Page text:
1. The medina of Fez.

Wow, I have no words to describe this place. It's overwhelming and trapped in the middle ages. Smelly, loud, noisy, dirty, fascinating and chaotic. Those are the words that come to my mind when Fez is mentioned. It's a once in a lifetime experience. I remember when I was visiting the andalusian quarter on a Friday right before noon. The loud and overwhelming "call" urging muslims to go to the mosques in order to pray fills the city in a intoxicating way.

I think that 3 nights was the right amount of time to be spent in each city. I spent 4 nights in Fez because I daytripped to Volubiulis and Moulay Idriss. Marrakech is interesting (not as much as Fez) but a bit commercialized and international, which is why I think that 3 nights are more than enough. Essaouira is small and can easily be visited with two nights, but, with 3 nights, I had the chance to spend a day on the beach resting before visiting Turin and Lake Orta, in Italy, for a week. The water is very cold, but it's very quiet. I stayed in Casablanca only for one night in order to leave Morocco early the following day, so I can't really say anything about it.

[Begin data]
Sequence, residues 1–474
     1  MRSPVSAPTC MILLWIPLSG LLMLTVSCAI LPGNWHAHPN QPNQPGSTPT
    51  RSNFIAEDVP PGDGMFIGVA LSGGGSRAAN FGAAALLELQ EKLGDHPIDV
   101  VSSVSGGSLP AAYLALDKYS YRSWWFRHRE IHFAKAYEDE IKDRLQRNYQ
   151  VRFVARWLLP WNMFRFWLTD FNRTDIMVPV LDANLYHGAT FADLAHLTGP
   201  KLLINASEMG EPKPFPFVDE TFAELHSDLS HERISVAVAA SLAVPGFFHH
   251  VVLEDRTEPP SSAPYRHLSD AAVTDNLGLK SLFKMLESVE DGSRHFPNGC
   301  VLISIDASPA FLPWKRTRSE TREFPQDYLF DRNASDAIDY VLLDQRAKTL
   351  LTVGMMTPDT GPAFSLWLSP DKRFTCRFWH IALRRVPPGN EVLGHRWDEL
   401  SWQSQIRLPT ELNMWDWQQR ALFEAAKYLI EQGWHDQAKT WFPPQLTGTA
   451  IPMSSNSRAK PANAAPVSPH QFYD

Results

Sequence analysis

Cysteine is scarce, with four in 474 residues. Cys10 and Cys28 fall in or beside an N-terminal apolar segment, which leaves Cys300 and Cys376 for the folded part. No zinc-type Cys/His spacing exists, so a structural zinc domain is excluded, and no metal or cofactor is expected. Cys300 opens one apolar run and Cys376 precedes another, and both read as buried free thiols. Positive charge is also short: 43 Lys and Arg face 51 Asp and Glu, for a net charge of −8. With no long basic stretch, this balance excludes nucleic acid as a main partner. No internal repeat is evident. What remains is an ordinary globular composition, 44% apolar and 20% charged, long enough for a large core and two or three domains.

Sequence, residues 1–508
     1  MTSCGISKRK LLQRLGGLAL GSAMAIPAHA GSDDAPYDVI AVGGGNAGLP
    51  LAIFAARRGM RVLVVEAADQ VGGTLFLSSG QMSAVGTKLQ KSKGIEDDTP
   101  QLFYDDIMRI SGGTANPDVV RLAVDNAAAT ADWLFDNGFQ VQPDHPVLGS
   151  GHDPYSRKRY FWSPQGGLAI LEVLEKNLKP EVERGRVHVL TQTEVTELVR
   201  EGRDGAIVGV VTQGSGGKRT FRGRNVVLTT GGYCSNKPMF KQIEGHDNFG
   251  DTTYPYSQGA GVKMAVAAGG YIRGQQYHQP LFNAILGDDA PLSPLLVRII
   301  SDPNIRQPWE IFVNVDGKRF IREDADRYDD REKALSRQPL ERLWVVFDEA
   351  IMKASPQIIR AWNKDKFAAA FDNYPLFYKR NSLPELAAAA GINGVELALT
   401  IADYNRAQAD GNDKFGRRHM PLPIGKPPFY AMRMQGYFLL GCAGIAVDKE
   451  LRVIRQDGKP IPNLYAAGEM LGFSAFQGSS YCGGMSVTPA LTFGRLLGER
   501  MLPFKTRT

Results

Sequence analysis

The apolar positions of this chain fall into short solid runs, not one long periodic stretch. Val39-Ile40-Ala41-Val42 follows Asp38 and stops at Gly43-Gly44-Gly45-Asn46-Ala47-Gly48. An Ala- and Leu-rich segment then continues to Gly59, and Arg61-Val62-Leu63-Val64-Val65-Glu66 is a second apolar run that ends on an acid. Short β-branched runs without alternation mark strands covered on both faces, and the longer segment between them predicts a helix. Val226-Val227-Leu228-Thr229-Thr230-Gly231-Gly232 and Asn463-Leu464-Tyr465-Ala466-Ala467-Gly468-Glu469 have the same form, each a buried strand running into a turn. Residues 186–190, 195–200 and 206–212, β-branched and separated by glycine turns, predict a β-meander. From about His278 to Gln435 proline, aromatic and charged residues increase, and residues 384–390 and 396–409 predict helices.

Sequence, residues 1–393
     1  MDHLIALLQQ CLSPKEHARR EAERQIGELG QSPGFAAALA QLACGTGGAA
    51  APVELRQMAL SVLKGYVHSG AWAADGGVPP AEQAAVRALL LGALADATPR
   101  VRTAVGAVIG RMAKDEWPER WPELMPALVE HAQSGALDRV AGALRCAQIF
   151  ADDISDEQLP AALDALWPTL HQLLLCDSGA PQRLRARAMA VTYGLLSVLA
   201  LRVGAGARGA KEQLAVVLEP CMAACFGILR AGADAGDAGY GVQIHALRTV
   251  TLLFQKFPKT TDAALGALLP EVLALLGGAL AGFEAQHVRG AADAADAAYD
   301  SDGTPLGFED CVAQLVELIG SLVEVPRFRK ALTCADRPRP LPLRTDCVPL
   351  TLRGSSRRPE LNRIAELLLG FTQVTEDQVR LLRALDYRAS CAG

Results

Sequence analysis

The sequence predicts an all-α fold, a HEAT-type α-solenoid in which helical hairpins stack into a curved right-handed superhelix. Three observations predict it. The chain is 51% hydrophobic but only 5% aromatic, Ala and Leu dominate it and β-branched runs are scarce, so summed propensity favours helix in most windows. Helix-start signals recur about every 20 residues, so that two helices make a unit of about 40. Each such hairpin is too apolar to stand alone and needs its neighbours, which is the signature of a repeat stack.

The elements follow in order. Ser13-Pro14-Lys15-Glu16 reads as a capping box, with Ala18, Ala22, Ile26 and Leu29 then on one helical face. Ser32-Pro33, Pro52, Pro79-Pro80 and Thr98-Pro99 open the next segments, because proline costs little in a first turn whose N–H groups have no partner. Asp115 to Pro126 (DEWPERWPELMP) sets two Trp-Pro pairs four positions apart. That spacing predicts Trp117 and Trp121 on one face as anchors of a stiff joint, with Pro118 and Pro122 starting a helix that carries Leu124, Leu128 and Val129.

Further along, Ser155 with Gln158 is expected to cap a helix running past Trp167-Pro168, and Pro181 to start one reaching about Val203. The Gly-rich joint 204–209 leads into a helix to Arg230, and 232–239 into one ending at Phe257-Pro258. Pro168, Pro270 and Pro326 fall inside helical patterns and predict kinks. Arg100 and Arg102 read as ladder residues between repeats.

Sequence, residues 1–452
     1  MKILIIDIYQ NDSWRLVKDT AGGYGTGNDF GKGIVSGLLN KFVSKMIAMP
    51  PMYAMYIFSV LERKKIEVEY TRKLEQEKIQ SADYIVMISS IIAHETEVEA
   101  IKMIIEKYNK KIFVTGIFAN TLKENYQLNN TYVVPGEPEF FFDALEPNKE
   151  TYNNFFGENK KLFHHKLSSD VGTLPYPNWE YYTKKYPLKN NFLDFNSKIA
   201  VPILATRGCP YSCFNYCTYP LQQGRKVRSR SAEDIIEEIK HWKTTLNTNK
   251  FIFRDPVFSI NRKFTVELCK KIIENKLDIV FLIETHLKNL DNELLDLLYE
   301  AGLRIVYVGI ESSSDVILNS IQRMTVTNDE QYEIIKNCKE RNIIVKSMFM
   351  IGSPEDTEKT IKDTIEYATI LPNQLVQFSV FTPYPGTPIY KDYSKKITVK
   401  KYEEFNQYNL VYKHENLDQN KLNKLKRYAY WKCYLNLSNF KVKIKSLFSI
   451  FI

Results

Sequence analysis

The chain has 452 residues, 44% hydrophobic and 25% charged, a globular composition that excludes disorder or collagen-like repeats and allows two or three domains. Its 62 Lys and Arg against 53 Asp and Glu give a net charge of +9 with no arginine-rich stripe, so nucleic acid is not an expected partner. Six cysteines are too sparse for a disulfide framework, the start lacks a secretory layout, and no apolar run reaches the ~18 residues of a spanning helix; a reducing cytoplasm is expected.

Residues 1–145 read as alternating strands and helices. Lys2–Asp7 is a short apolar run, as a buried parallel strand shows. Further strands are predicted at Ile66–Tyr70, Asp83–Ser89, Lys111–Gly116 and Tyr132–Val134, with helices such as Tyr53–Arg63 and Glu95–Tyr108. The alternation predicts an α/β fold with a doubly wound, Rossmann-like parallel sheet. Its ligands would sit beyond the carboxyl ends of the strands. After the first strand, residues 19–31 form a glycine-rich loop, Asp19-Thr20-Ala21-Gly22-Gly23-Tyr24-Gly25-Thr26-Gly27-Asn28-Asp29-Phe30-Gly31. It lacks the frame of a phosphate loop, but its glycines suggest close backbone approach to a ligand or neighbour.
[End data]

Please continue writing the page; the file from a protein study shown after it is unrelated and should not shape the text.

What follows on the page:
However, there were some things that I really, really hate about Morocco. This is my top 5 list of things that got on my nerves while in Morocco (they're all number 1 on the list)

1. Food stalls and non-fancy restaunrants have no kind of health standards. I got so seriously ill that I even had to go to the hospital because, at some point, I thought that I was going to die.